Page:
Articles - Predicting future floods and windstorms

Property insurance providers are increasingly having to factor for a triple whammy of adverse and logistically different weather conditions. These climate change-driven perils have been causing havoc across the country, particularly along coastlines, with windstorms, subsidence and flooding triggering a 58% rise in weather-related insurance claims. It remains alarming to see temperatures rising across the board in the UK, but this is nothing new, the country’s ten warmest years all occurred since 2002 and 2023 was the second warmest

 By Caroline Elliott-Grey, senior product manager, LexisNexis Risk Solutions 

 What may come as a surprise, however, is that since 1998, the UK has experienced six of its wettest 10 years, with the last 18 months soaking the country with record rainfall.

 When this rain is accompanied by high winds, the result is a storm.

 Stormy weather
 In the UK, a storm is named when it has the potential to cause disruption or damage which could result in an amber or red weather warning. This is based on information from the National Severe Weather Warnings Service which looks at the impact the storm could have and the likelihood of those impacts taking place.

 The UK has already seen ten storms this year despite only being halfway through the storm season. Putting this in perspective, in 2021-22, there were seven storms and the year before there were five. The big increase shows the frequency with which insurance providers must now anticipate these events and factor them in when shaping policies.

 And there is a lot to consider. Figures recorded during Storm Babet in October last year paint a worrying picture. In a period of just 36 hours, over 100mm of rain fell, pushing the River Rother to a streamflow of 118 cubic meters per second and flooding 1,250 properties in England alone.

 Maximum gust speeds are also increasing with the rising frequency of storms and the ABI expects future insured losses to go up by 18% in the next 100 years.

 This continual growth in storm occurrence and damage caused drives a real need for data in the market. Without having a reliable source at hand, insurance providers are underprepared for the risks associated with windstorms and are likely to see losses go up.

 When a storm occurs flooding tends to follow.
 Today, 325,000 English properties are situated in areas at the highest risk of surface flooding but, with the MetOffice projecting 30% wetter weather in the years to come, a total of 5.2 million homes and businesses are at danger of future flooding.

 Flooding caused by Storm Babet, for example, impacted over seven thousand commercial properties and some 51K residencies. Rising sea levels can also be a major cause of flooding in the UK. In the past 30 years, the sea level has risen by 11.4cm, demonstrating that it is not just surface water that can trigger a flood.

 The decrease in permeable surfaces must also be taken into account when considering the risks of floods. Flash floods are becoming a regular occurrence in many urban, high-density areas due to the reduced permeability of surfaces, clay soils, and ageing drainage and sewage systems. And they are only going to get worse as extreme rainfall events could be four times as frequent by 2080 compared to the 1980s. Individual claims can amount to over £100,000 for ‘super basements’ that have been excavated in high-end homes for parking, home cinemas and so on, containing high-value possessions. Approximately 7,000 basements were excavated between 2008 and 2019, further decreasing the ability of the soil to absorb water and increasing risks like subsidence.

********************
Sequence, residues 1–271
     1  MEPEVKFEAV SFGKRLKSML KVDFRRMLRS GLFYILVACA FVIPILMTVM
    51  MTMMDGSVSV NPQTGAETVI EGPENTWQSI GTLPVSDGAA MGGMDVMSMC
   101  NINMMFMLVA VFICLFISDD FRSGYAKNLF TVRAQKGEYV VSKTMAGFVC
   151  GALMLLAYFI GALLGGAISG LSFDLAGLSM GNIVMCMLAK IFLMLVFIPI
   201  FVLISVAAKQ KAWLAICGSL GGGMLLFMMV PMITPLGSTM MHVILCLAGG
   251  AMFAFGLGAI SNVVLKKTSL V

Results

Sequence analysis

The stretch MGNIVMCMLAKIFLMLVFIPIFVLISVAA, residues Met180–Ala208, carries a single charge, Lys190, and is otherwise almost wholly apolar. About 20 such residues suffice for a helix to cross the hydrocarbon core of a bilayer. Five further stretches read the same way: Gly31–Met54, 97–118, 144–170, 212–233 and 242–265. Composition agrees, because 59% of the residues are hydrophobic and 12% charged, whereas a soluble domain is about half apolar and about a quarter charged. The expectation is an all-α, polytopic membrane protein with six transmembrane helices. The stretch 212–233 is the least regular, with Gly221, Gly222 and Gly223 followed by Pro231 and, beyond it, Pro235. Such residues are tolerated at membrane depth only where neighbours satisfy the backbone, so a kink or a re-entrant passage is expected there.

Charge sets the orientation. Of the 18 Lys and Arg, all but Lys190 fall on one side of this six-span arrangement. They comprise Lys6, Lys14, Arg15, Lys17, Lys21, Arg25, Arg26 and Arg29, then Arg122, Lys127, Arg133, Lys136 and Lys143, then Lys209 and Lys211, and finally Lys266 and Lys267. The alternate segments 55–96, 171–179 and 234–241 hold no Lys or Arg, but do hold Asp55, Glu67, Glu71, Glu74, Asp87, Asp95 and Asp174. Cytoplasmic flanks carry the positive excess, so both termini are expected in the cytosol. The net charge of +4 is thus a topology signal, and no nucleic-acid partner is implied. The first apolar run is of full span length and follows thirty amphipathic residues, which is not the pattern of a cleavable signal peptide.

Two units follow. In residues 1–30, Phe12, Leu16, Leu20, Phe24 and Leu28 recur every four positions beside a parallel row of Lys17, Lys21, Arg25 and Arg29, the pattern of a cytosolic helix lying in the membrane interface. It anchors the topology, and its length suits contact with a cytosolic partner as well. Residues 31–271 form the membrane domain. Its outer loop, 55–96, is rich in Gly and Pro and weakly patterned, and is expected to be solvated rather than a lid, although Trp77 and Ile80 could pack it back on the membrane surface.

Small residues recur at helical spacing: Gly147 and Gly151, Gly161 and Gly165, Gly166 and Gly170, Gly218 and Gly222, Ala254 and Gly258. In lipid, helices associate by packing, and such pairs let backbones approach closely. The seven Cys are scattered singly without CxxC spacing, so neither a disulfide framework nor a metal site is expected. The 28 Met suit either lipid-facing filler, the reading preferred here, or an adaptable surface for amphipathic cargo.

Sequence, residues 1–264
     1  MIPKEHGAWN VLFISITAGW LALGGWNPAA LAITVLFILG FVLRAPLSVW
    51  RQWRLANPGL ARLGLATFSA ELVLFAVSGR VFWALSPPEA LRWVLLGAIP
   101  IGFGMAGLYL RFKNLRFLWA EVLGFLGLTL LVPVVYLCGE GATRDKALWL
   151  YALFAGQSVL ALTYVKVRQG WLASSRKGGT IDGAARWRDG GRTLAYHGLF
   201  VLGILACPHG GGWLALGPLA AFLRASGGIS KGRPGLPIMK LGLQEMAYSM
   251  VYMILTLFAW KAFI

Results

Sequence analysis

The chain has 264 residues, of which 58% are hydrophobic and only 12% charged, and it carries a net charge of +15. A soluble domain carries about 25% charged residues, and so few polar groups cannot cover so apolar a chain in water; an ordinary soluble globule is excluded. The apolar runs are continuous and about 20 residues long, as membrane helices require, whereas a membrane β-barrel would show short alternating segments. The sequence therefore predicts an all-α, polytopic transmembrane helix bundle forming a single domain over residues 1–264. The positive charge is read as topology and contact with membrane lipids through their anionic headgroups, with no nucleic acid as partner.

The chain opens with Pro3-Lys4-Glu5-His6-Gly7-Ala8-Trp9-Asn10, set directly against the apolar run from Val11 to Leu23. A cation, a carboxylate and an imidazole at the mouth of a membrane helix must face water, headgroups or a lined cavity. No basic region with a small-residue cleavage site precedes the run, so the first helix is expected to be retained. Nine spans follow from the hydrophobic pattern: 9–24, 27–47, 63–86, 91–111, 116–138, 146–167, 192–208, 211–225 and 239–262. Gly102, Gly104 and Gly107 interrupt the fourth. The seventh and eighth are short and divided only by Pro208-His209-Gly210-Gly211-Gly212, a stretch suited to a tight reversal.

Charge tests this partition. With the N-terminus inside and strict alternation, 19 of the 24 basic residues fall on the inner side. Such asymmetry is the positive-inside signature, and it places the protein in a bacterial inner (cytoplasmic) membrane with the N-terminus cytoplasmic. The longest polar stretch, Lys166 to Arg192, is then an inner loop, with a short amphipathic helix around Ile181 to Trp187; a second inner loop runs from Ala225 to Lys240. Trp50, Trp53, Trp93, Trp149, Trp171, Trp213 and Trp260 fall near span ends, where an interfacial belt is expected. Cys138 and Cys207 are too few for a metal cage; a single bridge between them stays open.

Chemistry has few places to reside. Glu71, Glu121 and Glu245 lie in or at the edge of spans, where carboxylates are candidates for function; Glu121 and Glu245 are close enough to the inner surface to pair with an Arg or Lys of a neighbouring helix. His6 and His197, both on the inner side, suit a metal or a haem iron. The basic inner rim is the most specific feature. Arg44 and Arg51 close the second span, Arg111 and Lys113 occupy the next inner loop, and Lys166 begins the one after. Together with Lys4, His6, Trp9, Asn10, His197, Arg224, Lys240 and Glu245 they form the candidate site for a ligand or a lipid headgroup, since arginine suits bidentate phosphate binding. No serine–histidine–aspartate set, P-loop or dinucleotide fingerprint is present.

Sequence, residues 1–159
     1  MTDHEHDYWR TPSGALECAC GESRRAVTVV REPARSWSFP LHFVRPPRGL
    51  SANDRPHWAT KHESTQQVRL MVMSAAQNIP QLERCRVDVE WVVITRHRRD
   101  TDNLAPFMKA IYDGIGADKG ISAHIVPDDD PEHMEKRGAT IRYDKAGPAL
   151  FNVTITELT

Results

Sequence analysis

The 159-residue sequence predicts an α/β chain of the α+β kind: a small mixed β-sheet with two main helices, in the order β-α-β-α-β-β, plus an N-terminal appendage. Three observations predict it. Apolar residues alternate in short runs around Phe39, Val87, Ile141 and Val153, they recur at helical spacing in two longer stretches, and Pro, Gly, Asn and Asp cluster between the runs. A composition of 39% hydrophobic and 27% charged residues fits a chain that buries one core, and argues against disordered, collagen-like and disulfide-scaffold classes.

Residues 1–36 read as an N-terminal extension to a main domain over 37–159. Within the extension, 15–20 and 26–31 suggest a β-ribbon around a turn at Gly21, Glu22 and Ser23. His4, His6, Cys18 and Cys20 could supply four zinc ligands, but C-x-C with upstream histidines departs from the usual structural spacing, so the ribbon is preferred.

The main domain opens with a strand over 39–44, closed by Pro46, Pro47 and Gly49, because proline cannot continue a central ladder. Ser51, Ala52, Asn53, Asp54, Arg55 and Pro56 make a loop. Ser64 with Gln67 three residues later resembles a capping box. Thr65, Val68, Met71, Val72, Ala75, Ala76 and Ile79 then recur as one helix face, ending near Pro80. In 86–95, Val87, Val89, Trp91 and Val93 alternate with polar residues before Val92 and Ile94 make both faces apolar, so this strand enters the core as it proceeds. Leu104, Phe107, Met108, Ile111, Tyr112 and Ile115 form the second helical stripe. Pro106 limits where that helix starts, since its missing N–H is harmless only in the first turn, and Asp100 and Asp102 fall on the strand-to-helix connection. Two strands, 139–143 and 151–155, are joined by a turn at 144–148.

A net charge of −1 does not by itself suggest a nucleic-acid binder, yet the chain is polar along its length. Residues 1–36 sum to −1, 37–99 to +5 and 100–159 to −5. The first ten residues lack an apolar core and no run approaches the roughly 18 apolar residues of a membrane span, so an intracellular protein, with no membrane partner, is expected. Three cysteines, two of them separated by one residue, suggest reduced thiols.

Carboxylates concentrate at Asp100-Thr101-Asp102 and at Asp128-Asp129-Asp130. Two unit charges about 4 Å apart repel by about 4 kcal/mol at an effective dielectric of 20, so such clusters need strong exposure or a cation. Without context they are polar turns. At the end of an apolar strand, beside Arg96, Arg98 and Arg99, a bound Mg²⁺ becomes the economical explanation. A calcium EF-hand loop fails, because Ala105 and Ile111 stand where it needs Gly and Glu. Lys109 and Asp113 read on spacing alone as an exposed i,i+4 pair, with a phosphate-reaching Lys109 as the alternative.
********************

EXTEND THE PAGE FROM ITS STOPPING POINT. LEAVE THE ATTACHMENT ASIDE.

Predicting risk cannot just rely on surface water flood scores. The extreme flooding in the capital in 2021 for example, amounted to insured losses estimated to be over £100 million as the overloaded drainage system backed up into properties with basements causing major losses to stock, business interruption, and water damage.

 Geospatial intelligence data can be an ally in tackling climate risks
 The best opportunity insurance providers have to make a full, fast and accurate assessment of perils risk for an individual address not just a postcode, is by leveraging geospatial intelligence datasets. The most common risks, such as subsidence, flooding and windstorms are top of the list but this data must also encapsulate fire, crime, terrain and nature. This will give insurance providers a holistic view of property risk for pricing and underwriting and help identify customers at most risk. For example, the LexisNexis® Windstorm Model helps to predict the maximum wind gust speeds as a better predictor for property and structural damage compared to sustained wind speeds.

 Understanding property risks is an important part of the process, so this intelligence needs to be delivered in a way that’s swift and simple, as data enrichment at the point of quote, mid-term adjustment and renewal. This helps home insurance, commercial insurance and motor insurance providers more accurately assess the level of risk to a property or a vehicle across the U.K.

 And geospatial insights are not limited to larger brokers, insurers and MGAs. Smaller brokers can now access simplified perils risk scores for flood, subsidence and crime, plus details on property characteristics – bringing them more in line with the rest of the market.

 The depth, breadth and accessibility of geospatial intelligence data is growing in response to our changing climate, helping insurance providers better understand, predict and mitigate environmental risks for their customers today and tomorrow.

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